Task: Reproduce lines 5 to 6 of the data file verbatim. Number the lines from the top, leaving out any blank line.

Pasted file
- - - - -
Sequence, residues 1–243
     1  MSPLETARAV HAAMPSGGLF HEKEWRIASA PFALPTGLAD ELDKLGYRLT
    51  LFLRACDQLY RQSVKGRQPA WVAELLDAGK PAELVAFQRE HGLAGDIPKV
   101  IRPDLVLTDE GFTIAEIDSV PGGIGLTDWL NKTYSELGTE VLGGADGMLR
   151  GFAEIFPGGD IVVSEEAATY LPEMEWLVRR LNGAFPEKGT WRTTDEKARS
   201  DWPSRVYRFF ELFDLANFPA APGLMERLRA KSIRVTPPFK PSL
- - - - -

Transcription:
   151  GFAEIFPGGD IVVSEEAATY LPEMEWLVRR LNGAFPEKGT WRTTDEKARS
   201  DWPSRVYRFF ELFDLANFPA APGLMERLRA KSIRVTPPFK PSL